Fever and Petechiae
- Small hemorrhages (<3 mm in size) into the superficial layers of the skin
- Manifest as a reddish purple, macular, nonblanching skin rash
- Larger skin hemorrhages (>3 mm in size)
- Often macular but may be raised or tender
- Most patients (70–80%) presenting with fever and petechiae have defined or presumed viral infections, which are often caused by enteroviruses, adenovirus, or parvovirus B19.
- A minority of children presenting with fever and petechiae have an invasive bacterial disease, most commonly Neisseria meningitidis.
- Infants and toddlers are at greatest risk of having an invasive bacterial infection with fever and petechiae.
- Teenagers and young adults are most commonly affected by outbreaks of meningococcemia, presenting with fever and petechiae.
- Streptococcal pharyngitis may cause fever and petechiae in a well-appearing child.
- Other etiologies, such as acute leukemia, idiopathic thrombocytopenic purpura (ITP), and Henoch-Schönlein purpura (HSP), are responsible for a minority of cases of fever and petechiae.
- Vaccine recommendations
- All children should complete the Streptococcus pneumoniae and Haemophilus influenzae type B immunization series that begins at 2 months of age.
- Routine childhood immunization with quadrivalent meningococcal conjugate vaccine (protects against serogroups A, C, Y, and W) is recommended for all children at 11 to 12 years of age and a booster dose at 16 to 18 years of age.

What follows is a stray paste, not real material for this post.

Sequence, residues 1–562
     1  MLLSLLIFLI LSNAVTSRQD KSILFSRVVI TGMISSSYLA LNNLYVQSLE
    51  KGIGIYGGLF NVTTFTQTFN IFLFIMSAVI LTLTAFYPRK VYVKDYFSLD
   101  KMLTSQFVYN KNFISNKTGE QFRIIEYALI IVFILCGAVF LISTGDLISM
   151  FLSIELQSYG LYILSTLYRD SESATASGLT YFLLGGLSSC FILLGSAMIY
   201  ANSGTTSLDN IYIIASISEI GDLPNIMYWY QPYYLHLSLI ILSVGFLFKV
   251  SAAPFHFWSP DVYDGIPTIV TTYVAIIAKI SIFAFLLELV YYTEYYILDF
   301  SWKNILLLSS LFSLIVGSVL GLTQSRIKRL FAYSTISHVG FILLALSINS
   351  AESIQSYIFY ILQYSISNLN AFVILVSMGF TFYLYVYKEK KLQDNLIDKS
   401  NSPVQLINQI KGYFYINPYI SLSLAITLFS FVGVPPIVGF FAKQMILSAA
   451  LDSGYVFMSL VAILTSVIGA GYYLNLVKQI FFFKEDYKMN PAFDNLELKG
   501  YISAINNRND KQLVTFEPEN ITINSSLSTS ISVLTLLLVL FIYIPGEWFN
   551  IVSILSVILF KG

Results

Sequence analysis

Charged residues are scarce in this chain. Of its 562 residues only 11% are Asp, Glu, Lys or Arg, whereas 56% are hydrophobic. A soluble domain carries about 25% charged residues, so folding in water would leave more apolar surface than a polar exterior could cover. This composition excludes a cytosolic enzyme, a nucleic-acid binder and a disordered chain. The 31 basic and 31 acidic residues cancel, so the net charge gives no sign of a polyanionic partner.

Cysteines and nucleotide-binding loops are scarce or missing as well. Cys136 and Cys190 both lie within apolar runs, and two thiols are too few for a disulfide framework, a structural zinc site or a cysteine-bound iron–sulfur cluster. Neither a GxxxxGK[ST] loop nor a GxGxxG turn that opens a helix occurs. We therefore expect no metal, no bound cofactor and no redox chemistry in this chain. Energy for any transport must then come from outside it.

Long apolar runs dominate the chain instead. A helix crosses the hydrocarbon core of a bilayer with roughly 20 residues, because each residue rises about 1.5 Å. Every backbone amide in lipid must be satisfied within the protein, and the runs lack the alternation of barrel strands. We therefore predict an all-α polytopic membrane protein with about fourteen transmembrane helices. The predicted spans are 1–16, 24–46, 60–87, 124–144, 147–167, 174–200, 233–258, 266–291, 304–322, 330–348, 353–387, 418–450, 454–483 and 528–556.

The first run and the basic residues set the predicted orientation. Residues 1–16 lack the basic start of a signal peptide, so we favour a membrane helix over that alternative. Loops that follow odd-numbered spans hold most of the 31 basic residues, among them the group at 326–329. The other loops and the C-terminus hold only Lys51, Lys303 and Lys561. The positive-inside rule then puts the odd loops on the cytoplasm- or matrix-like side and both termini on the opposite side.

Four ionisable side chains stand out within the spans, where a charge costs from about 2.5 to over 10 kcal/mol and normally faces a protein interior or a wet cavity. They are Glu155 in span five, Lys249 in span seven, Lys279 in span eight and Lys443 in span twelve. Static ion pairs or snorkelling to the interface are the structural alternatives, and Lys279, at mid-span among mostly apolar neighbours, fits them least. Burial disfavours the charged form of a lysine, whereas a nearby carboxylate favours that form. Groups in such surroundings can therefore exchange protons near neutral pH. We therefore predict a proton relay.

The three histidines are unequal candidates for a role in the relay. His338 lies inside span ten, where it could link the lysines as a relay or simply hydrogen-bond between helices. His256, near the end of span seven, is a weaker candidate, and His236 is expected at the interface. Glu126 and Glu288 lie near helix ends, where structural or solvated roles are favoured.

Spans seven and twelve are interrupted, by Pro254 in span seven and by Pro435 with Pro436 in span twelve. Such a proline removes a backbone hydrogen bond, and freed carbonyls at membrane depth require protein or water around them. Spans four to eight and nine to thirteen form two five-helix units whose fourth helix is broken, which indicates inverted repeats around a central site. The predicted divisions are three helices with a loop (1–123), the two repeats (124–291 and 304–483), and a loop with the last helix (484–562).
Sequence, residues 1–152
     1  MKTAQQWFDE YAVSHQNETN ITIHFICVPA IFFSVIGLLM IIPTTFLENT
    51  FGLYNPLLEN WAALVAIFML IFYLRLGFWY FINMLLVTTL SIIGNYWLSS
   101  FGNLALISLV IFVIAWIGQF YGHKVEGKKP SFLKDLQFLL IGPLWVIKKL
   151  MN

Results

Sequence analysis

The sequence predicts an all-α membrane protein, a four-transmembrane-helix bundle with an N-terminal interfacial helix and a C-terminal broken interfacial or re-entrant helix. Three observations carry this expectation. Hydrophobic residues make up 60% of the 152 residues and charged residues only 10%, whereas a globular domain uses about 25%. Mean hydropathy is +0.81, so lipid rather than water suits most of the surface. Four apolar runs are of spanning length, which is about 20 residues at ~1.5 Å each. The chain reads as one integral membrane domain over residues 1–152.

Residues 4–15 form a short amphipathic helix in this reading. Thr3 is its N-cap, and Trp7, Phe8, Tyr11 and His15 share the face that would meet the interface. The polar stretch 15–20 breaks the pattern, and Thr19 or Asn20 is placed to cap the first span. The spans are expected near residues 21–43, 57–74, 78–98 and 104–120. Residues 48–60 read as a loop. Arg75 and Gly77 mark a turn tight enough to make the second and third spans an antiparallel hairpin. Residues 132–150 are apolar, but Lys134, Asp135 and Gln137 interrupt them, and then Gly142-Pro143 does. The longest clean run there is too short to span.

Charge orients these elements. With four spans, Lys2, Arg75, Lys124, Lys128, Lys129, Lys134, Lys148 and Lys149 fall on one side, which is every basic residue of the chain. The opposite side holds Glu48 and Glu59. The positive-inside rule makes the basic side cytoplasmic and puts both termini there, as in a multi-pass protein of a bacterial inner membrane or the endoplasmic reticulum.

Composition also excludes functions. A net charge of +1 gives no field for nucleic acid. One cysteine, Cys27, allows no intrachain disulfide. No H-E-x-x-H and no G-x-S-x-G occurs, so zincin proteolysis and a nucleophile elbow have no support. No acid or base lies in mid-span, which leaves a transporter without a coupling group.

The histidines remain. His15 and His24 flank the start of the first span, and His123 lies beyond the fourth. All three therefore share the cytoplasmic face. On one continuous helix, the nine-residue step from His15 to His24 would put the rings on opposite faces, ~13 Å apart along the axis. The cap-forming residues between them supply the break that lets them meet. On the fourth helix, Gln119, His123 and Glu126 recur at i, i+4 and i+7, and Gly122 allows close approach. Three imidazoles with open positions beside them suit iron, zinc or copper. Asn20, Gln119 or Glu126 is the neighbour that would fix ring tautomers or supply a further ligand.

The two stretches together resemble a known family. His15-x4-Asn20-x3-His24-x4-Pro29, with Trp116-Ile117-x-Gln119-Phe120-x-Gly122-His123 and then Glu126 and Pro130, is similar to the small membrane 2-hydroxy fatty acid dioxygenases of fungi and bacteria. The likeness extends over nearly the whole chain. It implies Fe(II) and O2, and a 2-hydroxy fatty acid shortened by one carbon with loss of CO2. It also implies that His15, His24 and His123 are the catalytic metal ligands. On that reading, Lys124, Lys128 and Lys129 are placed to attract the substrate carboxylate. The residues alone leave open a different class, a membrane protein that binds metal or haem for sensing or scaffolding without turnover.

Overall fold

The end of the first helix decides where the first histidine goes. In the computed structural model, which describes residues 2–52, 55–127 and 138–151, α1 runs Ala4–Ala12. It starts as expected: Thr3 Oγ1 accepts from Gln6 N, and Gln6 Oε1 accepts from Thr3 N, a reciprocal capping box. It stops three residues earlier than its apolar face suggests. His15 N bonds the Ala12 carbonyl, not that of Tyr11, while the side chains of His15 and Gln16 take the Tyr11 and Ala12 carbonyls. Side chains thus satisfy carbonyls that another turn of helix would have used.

- Infants and children at high risk for meningococcal disease, such as those with asplenia or terminal complement deficiencies, should receive meningococcal conjugate vaccine as early as 2 months of age.
- Children ≥10 years at high risk for meningococcal disease should also receive a serogroup B vaccine, which is approved for ages 10 to 25 years and is administered in a 2 or 3 dose schedule depending on the formulation.
- Annual immunization against influenza viruses is recommended for all children >6 months of age.
- Chemoprophylaxis is recommended for close contacts of patients with meningococcal disease. Ideally, treatment should begin within 24 hours; rifampin is the drug of choice in most children (dosing <1 month of age: 5 mg/kg PO every 12 hours × 2 days, ≥1 month of age: 10 mg/kg [maximum 600 mg] PO every 12 hours × 2 days). Alternatives include ciprofloxacin, ceftriaxone, and azithromycin.
Petechiae may result from several different mechanisms:
- Disruption of vascular integrity—due to infections, vasculitis, or trauma
- Platelet deficiency or dysfunction—typically thrombocytopenia due to sepsis, disseminated intravascular coagulation (DIC), ITP, or leukemia
- Factor deficiencies, although these are more likely to manifest as ecchymoses or deep bleeding
Petechiae, when accompanied by fever, most often have an infectious cause. Multiple organisms are associated with fever and petechiae. Less commonly, fever and petechiae may be caused by other entities such as acute leukemia, ITP, HSP, and bacterial endocarditis.
- N. meningitidis
- S. pneumoniae
- H. influenzae type B
- Staphylococcus aureus
- Streptococcus pyogenes
- Escherichia coli
- Parvovirus B19
- Epstein-Barr virus (EBV)
- Respiratory syncytial virus
- Hepatitis viruses
- Rickettsial diseases
- Rickettsia rickettsii
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